In this episode, we discuss concentration and attention after a traumatic brain injury and how you can help improve this.
Ashwini 00:00:22 - 00:02:08
Hello - so in this episode, we're going to be looking more at the impact of brain injury on cognitive function. We've already touched a little bit on your memory difficulties, Brooke, but I think we'd like to explore more about difficulties that you've experienced with attention and concentration in particular.
It is important to point out, of course, that brain injury affects people in different ways, and so when we're talking about cognitive function, there could be all sorts of impacts in relation to attention, memory, and concentration as we've mentioned, but also processing, understanding, communication, decision making, planning and organisation. There are so many different avenues that we can go down.
But I really would like to focus on your experiences, in particular. So in an earlier episode, Brooke, we touched on, for example, how you tend to do things that require a lot of cognitive function, a lot of thought, a lot of brainpower, in the morning because that works better for you, with anything more physical being in the afternoon. We mentioned then, as well, but obviously, different things work for different people.
Another thing that can be really helpful is therapeutic input to help come up with strategies around attention and concentration. But it's not always easy to actually concentrate, particularly when you're recovering from a traumatic brain injury. So, what sort of techniques did you work through with your therapist?
Brooke 00:02:08 - 00:04:45
That's a big thing to go, people's attention and concentration. I mean, it started off in the early days, I couldn't even concentrate on an advert. I remember that, what's it called - the meerkat's thing? That was about at the time, and I used to forget what it was about towards the end of the advert! My concentration levels were 20 seconds tops.
But I worked with a neuropsychologist and what he drilled into me was that concentration is actually the main function of your brain that you can train like you can in the gym; it's something that you can improve.
One of the tasks that I got set was to start a film, and you know you have a synopsis on the back of a film with the summary of the film you've watched? Anyway, how it would work is we'd set a timer for a minute. At the end of that minute, you would write down what just happened. The idea was you quickly increased the time that you would watch the film for to 5 minutes, to 10 minutes, to 20 minutes and hopefully, at the end of it you can watch a full film.
I wouldn't say I don't have any problems with it now, but it's certainly a lot better than it ever was. But another thing to note as well is distractions because you just become horribly prone to distractions. So if you're trying to do something, make sure you're just doing that one thing and not trying to do two things at once. Although it's meant to be multitasking, people with brain injury generally are really bad because at it, because they're so distracted.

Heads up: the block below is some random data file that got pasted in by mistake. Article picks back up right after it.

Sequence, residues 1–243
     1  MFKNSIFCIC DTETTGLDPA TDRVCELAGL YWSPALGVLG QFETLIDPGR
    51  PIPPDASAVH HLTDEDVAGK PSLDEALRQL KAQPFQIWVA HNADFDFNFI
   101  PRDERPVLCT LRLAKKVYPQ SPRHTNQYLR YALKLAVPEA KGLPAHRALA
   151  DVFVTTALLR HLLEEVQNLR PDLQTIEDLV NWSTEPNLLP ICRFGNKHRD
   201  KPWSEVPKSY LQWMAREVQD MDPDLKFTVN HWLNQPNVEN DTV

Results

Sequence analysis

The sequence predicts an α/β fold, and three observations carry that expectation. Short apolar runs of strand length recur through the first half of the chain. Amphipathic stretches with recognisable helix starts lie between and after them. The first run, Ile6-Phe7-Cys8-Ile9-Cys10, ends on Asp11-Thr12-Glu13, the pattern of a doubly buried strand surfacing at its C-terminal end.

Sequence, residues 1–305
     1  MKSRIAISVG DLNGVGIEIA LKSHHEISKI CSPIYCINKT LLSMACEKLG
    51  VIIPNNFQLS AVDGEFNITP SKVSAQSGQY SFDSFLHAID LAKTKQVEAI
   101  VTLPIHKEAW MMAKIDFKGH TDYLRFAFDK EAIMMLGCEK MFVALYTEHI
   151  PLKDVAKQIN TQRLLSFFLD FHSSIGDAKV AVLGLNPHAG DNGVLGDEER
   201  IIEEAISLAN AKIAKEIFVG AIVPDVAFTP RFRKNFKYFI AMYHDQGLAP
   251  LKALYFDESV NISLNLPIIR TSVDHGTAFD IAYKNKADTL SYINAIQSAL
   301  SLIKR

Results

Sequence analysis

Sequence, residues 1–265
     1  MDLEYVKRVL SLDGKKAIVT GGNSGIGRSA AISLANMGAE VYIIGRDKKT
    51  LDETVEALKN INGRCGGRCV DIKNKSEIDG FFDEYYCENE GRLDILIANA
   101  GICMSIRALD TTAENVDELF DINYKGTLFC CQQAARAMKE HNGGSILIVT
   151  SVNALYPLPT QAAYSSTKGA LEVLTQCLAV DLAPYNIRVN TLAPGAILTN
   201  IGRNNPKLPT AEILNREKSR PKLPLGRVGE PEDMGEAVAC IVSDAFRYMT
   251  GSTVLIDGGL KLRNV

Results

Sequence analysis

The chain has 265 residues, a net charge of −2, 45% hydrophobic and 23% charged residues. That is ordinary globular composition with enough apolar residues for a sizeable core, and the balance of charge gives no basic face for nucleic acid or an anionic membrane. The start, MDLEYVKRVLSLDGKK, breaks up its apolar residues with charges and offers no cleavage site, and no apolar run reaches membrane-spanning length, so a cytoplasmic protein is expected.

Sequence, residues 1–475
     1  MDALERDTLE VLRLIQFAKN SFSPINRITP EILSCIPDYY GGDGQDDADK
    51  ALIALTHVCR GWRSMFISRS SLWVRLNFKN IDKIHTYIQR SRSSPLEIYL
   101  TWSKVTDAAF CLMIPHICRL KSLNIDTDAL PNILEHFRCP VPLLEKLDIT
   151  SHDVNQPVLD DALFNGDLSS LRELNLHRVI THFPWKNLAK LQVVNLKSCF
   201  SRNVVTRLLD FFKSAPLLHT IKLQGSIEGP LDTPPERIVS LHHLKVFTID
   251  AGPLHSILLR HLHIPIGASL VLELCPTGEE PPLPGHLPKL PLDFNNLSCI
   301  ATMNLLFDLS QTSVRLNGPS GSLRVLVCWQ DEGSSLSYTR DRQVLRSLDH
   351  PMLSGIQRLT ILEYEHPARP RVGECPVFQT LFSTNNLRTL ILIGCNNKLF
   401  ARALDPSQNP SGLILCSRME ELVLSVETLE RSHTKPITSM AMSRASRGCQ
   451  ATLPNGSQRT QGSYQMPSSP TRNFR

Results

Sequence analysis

I was told at this course that I used to do at a charity called BASIC that nobody can multitask, as in do two things at once. What the people who are supposedly good at multitasking can do is they have the ability to divert their attention from one task to another task and then back to another or several tasks at once. But at no one time they are actually concentrating on two tasks at once. They just concentrate on dividing their attention between different tasks.
It's difficult for people with a brain injury because they just get so distracted. You know you try and flip between tasks, and you just, you forget about the other one. The idea is that if you're doing something, you need to minimise your distractions and concentrate on that one task at hand.
Ashwini 00:04:45 - 00:04:58
Yeah, I suppose yes, that ability to jump from one to the other requires quite a lot of elasticity in a way—lots of flexibility of your brain to fire from one thing to the other.
Brooke 00:04:58 - 00:04:59
Something that you don't have anymore.
Ashwini 00:04:59 - 00:05:04
Do you think that's gotten better for you?
Brooke 00:05:04 - 00:06:11
It's gotten better, definitely, but it's definitely not fixed. That's the thing with brain injury, some things do naturally get better, but a lot of things don't get better. But you have to learn just to do those things differently. So by that, I mean different strategies.
For instance, I use my phone a lot, and I drive people mad with the alarms going off on my phone, but it works. If you set if, for instance, I have to take medication at 9 o'clock every night – I have to give myself an injection and I've been doing that for what must be like 13 years now and my alarm goes off at nine every night. And what I do is, I snooze it if I haven't done it, and I keep snoozing until I've done it, and that's what drives people mad. It goes off every nine minutes, and quite often, if the alarm goes off and I snooze it, then 9 minutes later I've forgotten again, and so it does work for me. So I just have to make sure I do it and do it now.
Ashwini 00:06:11 - 00:07:18
Yeah, I suppose with your concentration, especially where there are lots of things going on, it's about trying to make things simpler. To break things down a bit. Do things one thing at a time and just thinking about some things that you know involve a lot of natural multitasking or a lot of distractions just by their very nature; an obvious activity that comes to mind is driving. I'm sure many of the people listening to these podcasts will be in a position where perhaps they're not able to drive, but they want to get back to driving. But there are lots of things to think about; you're concentrating on the road ahead, you might have the radio on, there might be pedestrians and you're thinking about them and obviously, the actual process of driving, changing gears, steering, etc., operating your pedals, and there's a lot going on. How did you find returning to driving incidentally?